Memory and Accelerated Learning

How to Use Speed Reading and Advanced Learning Strategies for Memory Improvement and a More Productive Time

Memory And Accelerated Learning!

“Knowledge is power.” This is a quote that has been passed down through the generations, idealizing the pursuit of knowledge. Knowledge is power because those with knowledge are less dependent on the people around them. For example, someone who is knowledgeable about cars will not have to rely on someone else to fix their car for them. They do not have to work around someone else’s schedule or have the money to pay them to fix the car. If they chose to fix other people’s cars, they could charge money for their skill. This gives them power.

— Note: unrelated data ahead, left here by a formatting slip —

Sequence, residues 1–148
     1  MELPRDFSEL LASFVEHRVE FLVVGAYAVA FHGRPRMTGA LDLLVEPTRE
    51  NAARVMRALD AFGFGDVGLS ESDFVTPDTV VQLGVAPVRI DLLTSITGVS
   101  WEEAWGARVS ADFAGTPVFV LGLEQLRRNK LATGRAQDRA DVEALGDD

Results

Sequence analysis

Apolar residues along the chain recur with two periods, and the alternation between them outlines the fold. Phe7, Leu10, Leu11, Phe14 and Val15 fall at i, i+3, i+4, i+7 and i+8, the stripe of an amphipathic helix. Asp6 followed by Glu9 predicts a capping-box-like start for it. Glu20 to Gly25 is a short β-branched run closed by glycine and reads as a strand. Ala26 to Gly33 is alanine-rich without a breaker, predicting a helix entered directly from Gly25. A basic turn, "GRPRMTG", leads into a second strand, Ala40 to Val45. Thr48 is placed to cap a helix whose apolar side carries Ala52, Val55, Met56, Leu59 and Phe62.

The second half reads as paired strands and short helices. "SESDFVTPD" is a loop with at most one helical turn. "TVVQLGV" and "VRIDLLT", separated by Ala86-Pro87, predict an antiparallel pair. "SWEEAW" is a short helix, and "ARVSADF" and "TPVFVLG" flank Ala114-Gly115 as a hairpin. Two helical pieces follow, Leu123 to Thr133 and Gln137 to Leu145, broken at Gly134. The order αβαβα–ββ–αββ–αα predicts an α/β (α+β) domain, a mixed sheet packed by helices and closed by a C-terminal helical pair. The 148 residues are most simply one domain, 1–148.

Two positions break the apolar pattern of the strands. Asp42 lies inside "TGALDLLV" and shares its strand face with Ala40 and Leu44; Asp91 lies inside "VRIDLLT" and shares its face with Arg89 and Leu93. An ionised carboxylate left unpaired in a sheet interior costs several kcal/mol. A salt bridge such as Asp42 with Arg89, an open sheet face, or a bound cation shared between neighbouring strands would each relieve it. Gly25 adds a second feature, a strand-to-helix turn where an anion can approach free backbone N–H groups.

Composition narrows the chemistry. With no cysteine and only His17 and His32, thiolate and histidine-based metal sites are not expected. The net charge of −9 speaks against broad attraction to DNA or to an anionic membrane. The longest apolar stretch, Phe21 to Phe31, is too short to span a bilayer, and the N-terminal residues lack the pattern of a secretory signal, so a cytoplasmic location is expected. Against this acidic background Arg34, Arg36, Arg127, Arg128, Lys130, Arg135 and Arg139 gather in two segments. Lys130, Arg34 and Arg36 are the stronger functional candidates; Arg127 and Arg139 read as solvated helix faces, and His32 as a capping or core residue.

Keep in mind, however, that knowing something and knowing how to apply it are two different things. Even if someone memorizes all the parts of a car, their knowledge is useless unless they know about what each part does and how to replace it or make repairs. By using memory and accelerated learning together, you can learn how to learn information in a way that you can remember it easier and use it in a way that benefits your life.

What is Accelerated Learning?

Have you ever considered going to a trade school or furthering your education? Or, do you have a friend or coworker who has mentioned going back to school, but not having enough time? Learning is often associated with hours of studying and repetition. However, this does not have to be the case.